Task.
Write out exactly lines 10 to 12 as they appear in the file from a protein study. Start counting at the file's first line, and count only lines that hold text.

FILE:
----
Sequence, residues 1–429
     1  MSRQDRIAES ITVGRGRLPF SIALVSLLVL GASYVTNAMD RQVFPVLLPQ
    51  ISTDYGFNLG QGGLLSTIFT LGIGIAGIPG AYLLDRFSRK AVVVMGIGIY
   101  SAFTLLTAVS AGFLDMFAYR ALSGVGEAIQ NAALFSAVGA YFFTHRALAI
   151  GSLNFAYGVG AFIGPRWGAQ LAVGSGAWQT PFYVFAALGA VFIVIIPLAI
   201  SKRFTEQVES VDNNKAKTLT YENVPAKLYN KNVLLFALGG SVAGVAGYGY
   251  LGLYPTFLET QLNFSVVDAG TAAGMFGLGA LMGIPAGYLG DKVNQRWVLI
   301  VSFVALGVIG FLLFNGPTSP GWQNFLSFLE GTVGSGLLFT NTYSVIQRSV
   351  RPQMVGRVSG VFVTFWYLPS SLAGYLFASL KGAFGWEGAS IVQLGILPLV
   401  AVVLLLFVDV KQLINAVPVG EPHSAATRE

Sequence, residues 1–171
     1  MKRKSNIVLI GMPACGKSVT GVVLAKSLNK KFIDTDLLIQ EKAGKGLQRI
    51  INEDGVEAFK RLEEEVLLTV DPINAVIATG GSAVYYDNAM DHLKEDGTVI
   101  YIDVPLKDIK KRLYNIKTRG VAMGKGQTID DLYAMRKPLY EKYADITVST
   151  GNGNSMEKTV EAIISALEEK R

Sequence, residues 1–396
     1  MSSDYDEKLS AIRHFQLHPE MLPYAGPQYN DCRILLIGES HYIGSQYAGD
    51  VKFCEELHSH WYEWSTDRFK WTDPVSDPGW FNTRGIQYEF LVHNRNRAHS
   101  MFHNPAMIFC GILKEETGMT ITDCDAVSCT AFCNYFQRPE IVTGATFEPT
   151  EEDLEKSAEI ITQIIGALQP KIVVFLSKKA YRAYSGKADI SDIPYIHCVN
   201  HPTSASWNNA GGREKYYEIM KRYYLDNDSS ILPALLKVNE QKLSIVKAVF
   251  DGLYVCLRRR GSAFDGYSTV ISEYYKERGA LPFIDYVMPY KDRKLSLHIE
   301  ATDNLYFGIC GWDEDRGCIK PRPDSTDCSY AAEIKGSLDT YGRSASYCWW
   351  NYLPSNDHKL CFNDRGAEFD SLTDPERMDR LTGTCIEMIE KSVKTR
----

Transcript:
   401  AVVLLLFVDV KQLINAVPVG EPHSAATRE

Sequence, residues 1–171
     1  MKRKSNIVLI GMPACGKSVT GVVLAKSLNK KFIDTDLLIQ EKAGKGLQRI